"The gay bunting erects his white crest, and gives utterance to the joy he feels in the presence of his brooding mate; the willow grouse on the rock crows his challenge aloud; each floweret, chilled by the night air, expands its pure petals; the gentle breeze shakes from the blades of grass the heavy dewdrops."
Thursday, April 13, 2017
Fort Collins Senior Center, 1200 Raintree Dr.
Social Time: 7 p.m.; Program 7:20 p.m.
Steve Jones believes the recovery of Trumpeter Swans from just a dozen or so known individuals during the 1920s to 55,000 today is one of North America's most heartening wildlife success stories. The recovery is vividly apparent in the Nebraska Sandhills where preservation of historic nesting and wintering areas has led to an increase in the Trumpeter Swan population from zero in 1910 to nearly 1,000 today. Steve, through impressively beautiful photos, will take us on a visit to several of these locations, including two nesting lakes that were named after the swans during the 1880s before the birds were completely extirpated from the Great Plains. He will explore with us the uniqueness of the Sandhills' trumpeter swans, probably the only truly nonmigratory swan population in North America, and the tenderness, fidelity, and courage of nesting families.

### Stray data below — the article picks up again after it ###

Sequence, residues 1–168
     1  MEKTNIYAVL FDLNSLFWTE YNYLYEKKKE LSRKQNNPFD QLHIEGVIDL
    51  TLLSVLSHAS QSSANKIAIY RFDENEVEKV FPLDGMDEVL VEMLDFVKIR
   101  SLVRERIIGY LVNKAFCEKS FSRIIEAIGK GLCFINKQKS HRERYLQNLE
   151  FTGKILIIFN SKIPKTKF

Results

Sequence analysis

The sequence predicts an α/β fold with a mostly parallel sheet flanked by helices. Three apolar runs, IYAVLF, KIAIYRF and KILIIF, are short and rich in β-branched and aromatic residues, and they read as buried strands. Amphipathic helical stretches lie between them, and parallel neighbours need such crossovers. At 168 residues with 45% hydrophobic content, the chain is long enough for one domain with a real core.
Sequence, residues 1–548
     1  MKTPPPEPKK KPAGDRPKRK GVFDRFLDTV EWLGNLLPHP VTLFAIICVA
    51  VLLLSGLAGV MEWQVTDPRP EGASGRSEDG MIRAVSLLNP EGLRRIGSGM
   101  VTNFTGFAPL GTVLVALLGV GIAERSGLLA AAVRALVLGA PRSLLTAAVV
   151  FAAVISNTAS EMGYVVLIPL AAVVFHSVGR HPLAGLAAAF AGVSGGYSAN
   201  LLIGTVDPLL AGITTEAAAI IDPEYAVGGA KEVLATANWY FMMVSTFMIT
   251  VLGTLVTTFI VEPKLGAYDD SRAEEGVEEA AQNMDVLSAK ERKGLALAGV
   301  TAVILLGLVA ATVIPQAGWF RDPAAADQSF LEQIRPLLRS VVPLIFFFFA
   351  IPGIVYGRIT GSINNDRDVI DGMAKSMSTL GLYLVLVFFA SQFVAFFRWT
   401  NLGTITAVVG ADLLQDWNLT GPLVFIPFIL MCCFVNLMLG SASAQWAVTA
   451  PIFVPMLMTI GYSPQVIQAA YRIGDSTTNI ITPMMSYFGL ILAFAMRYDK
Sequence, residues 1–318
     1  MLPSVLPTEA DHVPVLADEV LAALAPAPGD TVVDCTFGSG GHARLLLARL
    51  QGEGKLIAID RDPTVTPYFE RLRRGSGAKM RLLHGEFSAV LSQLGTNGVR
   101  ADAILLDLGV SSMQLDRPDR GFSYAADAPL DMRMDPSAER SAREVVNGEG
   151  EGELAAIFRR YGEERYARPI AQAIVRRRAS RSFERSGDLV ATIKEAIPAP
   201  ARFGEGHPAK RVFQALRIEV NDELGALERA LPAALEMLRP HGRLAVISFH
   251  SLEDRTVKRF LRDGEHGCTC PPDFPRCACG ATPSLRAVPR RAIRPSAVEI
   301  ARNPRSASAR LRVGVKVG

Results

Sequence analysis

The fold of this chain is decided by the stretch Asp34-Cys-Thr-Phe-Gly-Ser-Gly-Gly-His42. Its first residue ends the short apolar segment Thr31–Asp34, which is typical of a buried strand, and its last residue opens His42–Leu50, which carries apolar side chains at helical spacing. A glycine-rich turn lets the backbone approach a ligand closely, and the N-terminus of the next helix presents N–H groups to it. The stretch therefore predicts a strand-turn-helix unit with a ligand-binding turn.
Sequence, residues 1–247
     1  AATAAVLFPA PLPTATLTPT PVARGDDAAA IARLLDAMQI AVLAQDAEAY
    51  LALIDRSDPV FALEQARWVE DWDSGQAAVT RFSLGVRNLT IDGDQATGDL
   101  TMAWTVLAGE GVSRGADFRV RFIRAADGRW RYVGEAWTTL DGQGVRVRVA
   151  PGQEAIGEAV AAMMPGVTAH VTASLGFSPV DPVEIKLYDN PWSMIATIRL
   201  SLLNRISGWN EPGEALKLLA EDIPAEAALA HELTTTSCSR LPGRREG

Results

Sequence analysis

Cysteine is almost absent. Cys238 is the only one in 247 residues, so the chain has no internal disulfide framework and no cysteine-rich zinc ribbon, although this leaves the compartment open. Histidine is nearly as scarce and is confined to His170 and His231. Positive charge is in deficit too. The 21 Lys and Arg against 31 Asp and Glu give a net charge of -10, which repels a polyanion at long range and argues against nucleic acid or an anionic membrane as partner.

Steve Jones is author of The Last Prairie, a Sandhills Journal, and co-author of The Short-grass Prairie, the Peterson Field Guide to the North American Prairie, Colorado Nature Almanac, Wild Boulder County, and Butterflies of the Colorado Front Range. Steve organized the first comprehensive small owl and wintering raptor surveys in Boulder County and helped plan and carry out the Colorado Breeding Bird Atlas. His 25 years of consulting work includes more than two-dozen breeding bird and resource inventories for city, county, and state open space programs. He taught in the Boulder Valley Public Schools for 33 years.
Join us April 13 at the Fort Collins Senior Center. This program is free and open to the public.